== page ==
BY RILEY FANNING
A new podcast titled “S-Town” unravels the unsettling mysteries of a small town in rural Alabama and its quirky inhabitants. Created by Brian Reed, the intriguing series investigates much- a possible murder, a corrupt county, the characters themselves.
The seven-part series all began with an email to Brian Reed from an extraordinarily eccentric man named John B. Macklemore. He believed that in his small hometown of Woodstock, located in largely unknown Bibb County, Alabama, there had been a murder that was covered up. Brian and John join up to investigate, and from there the podcast was born.
“S-town” provides narration from Brian and recordings of John. Beneath Macklemore’s thick, rolling Alabama accent, is an astoundingly brilliant man and is the jewel of the show. He is an antiquarian horologist (antique clock repairer) with a biting sense of humor, is the shining jewel of the series. Listening to his ramblings and learning more about him is one of the most intensely interesting parts of the podcast.
“S-Town’s” intrigue and southern, gothic charm gives off a similar feeling of the novel “Midnight in the Garden of Good and Evil”. Each episode is around an hour long, and the narrative twists and turns are fascinating. From murder, to family relations, to the small town and its inhabitants, depression and societal issues, this podcast touches on a broad spectrum.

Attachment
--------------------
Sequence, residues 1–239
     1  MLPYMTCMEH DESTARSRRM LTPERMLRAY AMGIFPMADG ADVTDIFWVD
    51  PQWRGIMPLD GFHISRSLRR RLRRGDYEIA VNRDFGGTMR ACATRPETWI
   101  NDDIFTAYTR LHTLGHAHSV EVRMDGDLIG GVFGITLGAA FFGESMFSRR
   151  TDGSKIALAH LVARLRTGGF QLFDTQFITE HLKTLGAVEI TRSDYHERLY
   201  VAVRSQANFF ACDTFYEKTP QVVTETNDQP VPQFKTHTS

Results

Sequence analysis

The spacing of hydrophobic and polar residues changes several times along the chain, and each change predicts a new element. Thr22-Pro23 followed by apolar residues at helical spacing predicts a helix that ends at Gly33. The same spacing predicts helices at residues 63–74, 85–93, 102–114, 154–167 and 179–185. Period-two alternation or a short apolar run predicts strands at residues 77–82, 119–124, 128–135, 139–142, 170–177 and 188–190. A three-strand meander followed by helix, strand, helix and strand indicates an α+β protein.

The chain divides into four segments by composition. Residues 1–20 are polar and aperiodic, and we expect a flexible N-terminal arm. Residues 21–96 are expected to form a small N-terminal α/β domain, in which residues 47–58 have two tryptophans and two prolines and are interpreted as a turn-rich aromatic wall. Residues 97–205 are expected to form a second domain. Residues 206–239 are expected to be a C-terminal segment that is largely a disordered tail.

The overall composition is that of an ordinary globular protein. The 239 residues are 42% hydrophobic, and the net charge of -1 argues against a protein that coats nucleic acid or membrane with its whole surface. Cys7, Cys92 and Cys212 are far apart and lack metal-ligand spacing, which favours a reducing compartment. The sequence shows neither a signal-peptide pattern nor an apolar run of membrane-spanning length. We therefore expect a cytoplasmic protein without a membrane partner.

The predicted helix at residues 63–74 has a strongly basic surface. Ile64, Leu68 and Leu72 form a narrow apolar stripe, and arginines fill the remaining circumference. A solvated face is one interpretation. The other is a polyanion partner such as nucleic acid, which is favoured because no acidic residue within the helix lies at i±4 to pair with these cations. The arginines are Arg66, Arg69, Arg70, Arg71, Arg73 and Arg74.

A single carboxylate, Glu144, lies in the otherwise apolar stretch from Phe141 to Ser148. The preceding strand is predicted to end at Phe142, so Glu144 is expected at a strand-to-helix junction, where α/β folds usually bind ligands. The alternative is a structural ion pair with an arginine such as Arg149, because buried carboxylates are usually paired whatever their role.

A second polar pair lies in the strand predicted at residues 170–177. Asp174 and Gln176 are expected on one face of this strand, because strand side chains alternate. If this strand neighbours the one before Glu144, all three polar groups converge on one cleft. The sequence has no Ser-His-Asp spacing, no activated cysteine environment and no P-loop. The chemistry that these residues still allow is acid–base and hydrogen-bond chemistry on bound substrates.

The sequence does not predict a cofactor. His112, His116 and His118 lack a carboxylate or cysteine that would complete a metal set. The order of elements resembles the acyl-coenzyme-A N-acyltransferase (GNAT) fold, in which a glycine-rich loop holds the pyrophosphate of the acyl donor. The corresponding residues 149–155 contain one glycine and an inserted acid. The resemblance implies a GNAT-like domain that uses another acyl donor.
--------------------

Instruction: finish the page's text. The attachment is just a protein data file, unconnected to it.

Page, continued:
This complicated area of exploration reflects the complicated inner workings of the focus of the podcast, John, and his ideas about his hometown and the world at large.
Within each episode, things get more personal as Reed digs deeper and deeper into the lives of the people, the town, and the secrets they all hold. The lush, descriptive prose and evocative music used turns real events in this small town into an intriguing tale within the podcast. Problems arise, however, within this intense scrutiny of people.
At times, the severe detail in which Reed goes into the life of those residing within Bibb County feels almost too personal. It becomes uncomfortable to hear the intimate details of their thoughts and actions, although they can be exceedingly interesting. It is as if the listener is a fly on the wall, hearing things they are not actually present for and should not know. In some ways the podcast feels biographical, and at other times feels overly invasive.
While there are some problems within “S-Town”, it allows the rare opportunity to see life from a new perspective, and examines the curious relations within a forgotten American town with mystery and humor.
The Flyer gives S-Town an 8/10.